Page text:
Kylie Kowalske | Mustang News

After over a year of being isolated due to the pandemic, many students had the chance for their first travel experiences since pre-pandemic life.

Due to the new COVID-19 vaccines being distributed across the nation, travel restrictions have been loosened and the ability to vacation has been permitted.

Liberal arts and engineering studies sophomore Madelyn Cruz said that it was difficult to not be able to travel during the pandemic.

“My family was really big on travel while I was growing up, so to not have that even for one year was just weird for us,” Cruz said. “Now that things have returned a little bit it has been a huge blessing.”

Cruz visited her family in Oklahoma as soon as she got vaccinated and flying was possible again. She said that the biggest difference between traveling before the pandemic and traveling now is the ease of the airports due to a decrease in crowding. 

“I was surprised at how empty some of [the airports] were,” Cruz said. “I felt really comfortable with traveling especially because I am vaccinated and have taken the steps to wear my mask and sanitize.” 

Cruz said she is really happy to see people “live a little again.” 

“I know it was a rough year for everyone and we all kind of needed a little reminder of how exciting and fun the world is, despite problems like this that arise every now and then,” Cruz said.

Animal science senior Shayna Feinerman also had the chance to travel, going to Italy and Greece over the summer. She said that it felt “weird” because Europe had stricter COVID-19 guidelines than California. 

“The delta variant was not really a thing yet and at that point California was completely open,” Feinerman said. “As soon as we got to Europe it was a lot more strict because they didn’t have as many vaccines available, but I was still super happy to be there.”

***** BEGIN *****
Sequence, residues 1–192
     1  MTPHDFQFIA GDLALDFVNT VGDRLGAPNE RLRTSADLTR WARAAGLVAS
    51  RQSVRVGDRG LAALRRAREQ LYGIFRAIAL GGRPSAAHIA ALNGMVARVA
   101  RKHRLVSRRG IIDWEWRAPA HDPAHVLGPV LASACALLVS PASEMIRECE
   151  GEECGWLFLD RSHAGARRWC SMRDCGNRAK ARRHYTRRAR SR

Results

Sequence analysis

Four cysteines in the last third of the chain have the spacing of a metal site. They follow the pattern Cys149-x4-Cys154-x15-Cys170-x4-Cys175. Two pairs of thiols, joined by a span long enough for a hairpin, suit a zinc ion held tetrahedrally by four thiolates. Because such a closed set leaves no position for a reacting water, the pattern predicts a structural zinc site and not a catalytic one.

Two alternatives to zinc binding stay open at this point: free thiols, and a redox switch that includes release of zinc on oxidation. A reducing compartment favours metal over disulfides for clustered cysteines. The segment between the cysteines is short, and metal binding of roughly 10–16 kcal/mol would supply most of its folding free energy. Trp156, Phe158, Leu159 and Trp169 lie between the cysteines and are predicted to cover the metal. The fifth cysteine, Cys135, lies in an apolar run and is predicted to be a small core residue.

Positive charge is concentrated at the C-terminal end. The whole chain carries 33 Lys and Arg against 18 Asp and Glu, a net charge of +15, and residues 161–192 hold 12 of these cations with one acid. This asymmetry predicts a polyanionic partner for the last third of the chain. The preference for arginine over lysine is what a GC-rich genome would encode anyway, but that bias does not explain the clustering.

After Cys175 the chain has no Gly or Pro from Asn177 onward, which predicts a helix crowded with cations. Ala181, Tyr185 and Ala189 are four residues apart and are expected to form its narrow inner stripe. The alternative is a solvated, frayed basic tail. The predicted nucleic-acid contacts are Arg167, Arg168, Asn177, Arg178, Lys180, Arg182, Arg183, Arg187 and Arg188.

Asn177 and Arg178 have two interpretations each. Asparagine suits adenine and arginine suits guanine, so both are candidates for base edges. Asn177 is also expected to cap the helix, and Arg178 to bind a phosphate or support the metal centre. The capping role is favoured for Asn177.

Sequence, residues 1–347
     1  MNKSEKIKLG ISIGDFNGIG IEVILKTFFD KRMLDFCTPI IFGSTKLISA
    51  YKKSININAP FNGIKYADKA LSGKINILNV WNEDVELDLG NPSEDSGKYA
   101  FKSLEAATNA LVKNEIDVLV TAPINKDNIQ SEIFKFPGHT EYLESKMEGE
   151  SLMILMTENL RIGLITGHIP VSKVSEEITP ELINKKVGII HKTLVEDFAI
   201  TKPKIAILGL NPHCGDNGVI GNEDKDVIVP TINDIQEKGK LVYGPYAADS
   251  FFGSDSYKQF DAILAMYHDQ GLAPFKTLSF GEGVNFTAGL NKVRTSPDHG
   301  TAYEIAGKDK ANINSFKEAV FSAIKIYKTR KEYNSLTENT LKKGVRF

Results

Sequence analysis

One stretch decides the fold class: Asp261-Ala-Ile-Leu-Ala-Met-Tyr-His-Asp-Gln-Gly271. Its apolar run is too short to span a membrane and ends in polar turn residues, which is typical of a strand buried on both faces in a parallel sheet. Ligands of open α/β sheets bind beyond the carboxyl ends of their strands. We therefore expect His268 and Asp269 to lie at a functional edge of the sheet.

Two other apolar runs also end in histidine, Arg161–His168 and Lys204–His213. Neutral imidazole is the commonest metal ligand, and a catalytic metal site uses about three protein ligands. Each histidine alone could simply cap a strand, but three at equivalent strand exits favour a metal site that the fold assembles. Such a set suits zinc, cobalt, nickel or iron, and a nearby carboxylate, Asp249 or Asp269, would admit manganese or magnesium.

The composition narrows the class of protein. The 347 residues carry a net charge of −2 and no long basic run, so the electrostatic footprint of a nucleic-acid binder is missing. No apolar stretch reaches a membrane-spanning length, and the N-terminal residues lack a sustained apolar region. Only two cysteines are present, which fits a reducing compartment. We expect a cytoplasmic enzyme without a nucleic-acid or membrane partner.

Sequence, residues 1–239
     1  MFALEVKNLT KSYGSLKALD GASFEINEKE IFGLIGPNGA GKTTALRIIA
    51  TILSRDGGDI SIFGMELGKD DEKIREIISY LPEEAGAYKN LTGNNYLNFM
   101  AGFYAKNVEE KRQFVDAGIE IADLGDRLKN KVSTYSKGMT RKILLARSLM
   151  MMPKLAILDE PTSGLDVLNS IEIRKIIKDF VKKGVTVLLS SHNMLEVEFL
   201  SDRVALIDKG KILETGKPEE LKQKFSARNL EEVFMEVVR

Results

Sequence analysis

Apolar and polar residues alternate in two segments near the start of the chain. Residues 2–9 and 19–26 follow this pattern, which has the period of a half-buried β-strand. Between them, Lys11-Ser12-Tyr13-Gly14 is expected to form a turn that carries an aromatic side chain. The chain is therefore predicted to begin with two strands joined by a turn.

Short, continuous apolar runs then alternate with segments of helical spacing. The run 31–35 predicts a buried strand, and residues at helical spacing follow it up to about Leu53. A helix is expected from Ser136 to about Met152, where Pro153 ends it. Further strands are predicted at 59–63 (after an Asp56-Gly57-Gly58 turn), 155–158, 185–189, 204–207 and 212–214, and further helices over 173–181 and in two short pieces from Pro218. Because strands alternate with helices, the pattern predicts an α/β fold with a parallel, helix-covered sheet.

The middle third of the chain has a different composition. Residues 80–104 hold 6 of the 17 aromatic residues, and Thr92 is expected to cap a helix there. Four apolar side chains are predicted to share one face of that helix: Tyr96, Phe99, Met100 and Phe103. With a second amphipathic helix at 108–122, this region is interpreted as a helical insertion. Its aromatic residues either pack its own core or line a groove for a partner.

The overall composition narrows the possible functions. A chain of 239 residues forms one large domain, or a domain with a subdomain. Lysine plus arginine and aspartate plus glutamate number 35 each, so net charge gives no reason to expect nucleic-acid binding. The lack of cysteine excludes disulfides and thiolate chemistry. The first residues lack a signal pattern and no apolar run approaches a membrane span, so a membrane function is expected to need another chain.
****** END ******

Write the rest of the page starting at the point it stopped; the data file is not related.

Feinerman said she and her family felt “invincible” and “free again” on the trip before hearing about the delta variant.

According to the CDC, the delta variant causes more infections and can spread faster than earlier forms of the COVID-19 virus. It may also cause more severe illness for unvaccinated people than previous variants.

“I feel lucky that we were [in Europe] before this new variant but I also feel kind of sad that it is still coming about,” Feinerman said.  

Architectural engineering junior Sasha Padilla traveled to Mexico after she first got vaccinated and then a second time in July. Padilla said that the first time she traveled to Mexico she was extremely scared because so many people were traveling.

“The day we left for the airport we all had our regular masks, our N95s and our face shields and I did not take that off for ten hours straight,” Padilla said. 

She said she did not feel like people were respecting others’ safety while at the airport and on the plane. 

“A lot of people had to be reminded to put their masks up and had to be reminded that it is a mandate,” Padilla said. “I just saw a lot of faces and I felt like I was not supposed to see a lot of faces.” 

Padilla offered words of advice to those who are thinking of traveling: 

“If you are going to travel I think you have a responsibility to the areas you are traveling to to be vaccinated and have basic respect for where you are going,” Padilla said. “I understand the need for people to get away from their homes, just as long as they are being careful about it.”

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